Help for maths strugglers revamped to cut costs

10th June 2011 at 01:00

A maths programme which aims to help children with the greatest difficulties with the subject has been revamped to slash the training costs incurred by schools.

An official evaluation of the Numbers Count scheme by researchers at Durham and York universities found that daily 30 minute lessons with a trained teacher for 12 weeks could help children make considerable progress. But it also said it was relatively expensive and found heads had doubts about its long-term viability once government funding which met half the schools' costs had ended.

The cost of training a member of staff to deliver the initiative will now be more than halved from #163;4,500 to #163;2,000, according to academics behind the scheme.

Nick Dowrick, head of Every Child Counts at Edge Hill University, said that the lessons of the official evaluation had been used to develop the new offer. It will also cost schools #163;750 a year for ongoing training costs for existing staff members.

The original Numbers Count programme was part of a wider Every Child Counts programme introduced by the then education secretary Ed Balls, alongside the Every Child a Reader programme.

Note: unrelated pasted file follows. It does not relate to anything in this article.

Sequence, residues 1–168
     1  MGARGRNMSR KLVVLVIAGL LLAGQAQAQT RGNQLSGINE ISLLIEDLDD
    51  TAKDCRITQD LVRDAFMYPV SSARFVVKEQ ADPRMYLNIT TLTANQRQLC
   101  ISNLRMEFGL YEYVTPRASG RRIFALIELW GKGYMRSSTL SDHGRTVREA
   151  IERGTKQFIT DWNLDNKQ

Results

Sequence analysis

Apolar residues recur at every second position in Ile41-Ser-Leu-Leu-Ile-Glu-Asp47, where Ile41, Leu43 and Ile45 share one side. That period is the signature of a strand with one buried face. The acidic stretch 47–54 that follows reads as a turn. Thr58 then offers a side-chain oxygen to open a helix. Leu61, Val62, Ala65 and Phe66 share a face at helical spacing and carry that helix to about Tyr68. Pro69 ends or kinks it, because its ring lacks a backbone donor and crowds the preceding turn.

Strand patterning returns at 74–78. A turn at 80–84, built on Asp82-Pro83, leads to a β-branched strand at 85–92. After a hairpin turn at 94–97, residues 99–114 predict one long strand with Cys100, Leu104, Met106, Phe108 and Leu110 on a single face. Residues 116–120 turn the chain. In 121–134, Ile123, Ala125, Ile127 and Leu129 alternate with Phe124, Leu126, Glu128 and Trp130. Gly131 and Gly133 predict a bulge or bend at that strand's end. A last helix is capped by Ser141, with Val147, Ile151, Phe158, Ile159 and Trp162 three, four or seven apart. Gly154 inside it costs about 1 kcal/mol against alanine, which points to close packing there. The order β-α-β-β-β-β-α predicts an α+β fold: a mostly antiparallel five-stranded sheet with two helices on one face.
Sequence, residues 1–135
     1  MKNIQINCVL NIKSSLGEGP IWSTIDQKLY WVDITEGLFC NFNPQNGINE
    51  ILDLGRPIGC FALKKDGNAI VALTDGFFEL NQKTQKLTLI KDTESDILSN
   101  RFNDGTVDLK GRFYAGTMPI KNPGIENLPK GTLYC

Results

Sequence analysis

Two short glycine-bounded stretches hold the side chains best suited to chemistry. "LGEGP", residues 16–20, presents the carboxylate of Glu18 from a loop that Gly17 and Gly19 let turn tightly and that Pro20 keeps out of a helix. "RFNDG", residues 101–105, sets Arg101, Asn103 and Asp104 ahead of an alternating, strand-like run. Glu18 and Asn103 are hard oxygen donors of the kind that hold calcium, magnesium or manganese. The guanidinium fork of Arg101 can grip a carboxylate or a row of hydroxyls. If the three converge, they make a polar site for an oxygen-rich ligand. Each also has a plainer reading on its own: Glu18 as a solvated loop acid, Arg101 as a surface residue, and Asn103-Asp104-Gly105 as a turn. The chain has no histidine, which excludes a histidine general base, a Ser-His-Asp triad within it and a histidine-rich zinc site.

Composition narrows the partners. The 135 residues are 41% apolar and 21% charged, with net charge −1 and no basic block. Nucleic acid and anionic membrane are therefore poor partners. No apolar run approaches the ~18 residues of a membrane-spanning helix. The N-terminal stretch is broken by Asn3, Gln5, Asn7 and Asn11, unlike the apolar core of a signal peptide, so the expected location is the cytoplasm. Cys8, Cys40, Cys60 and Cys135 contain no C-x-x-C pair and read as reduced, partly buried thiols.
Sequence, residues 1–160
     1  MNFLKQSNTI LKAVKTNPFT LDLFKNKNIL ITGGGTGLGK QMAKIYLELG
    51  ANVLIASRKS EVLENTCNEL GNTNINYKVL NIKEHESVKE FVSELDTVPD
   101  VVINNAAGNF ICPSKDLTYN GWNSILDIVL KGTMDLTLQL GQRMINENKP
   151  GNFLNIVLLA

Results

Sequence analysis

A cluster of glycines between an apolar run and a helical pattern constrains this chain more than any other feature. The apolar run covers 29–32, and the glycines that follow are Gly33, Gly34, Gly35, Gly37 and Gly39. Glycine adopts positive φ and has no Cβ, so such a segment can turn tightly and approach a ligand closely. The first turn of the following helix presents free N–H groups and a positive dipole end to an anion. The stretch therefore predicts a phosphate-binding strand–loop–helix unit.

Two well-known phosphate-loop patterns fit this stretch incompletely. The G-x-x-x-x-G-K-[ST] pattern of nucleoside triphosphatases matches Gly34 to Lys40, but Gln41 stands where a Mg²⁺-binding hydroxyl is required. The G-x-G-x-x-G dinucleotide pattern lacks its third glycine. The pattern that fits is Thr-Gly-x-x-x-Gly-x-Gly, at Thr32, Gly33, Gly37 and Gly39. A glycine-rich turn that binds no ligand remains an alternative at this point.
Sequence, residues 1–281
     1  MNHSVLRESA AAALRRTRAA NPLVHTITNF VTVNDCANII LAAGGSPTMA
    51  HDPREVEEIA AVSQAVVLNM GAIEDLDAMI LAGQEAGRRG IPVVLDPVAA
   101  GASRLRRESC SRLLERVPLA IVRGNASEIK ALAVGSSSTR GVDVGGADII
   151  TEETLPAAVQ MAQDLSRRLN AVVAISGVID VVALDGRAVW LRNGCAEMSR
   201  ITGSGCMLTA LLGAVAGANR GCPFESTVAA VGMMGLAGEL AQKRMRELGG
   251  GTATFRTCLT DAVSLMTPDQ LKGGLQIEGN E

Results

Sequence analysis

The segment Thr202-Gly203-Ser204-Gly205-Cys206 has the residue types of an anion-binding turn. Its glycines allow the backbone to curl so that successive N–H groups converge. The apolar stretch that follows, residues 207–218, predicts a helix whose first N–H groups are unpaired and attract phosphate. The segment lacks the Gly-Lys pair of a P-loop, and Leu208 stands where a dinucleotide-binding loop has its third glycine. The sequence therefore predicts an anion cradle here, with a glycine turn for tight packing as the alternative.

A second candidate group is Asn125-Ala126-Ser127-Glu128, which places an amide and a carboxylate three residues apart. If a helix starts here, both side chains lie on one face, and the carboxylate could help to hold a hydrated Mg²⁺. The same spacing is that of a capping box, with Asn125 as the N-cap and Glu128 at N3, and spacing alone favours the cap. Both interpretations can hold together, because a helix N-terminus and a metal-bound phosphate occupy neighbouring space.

Funding to schools for the Every Child schemes has been continued, although the ringfencing has been removed. But without support for the central costs, there were concerns that the programme would fold.

Changes include being able to deliver the programme for three days a week over a longer period rather than five sessions over a term and greater flexibility about teaching in groups - children could sometimes work in pairs or threes or sometimes one-to-one.

Mr Dowrick said: "Heads will always want to know what they get for their money. They want hardnosed information about how well it works and we will provide that for them."

It is hoped that the changes to the programme will make it self-financing within three years. The team behind it are currently in negotiations with the Department for Education about transitional support.

Mr Dowrick said: "We analyse the data carefully to provide national reports and reports for each school on how they are doing.

"That is one thing that we are asking the DfE to support."

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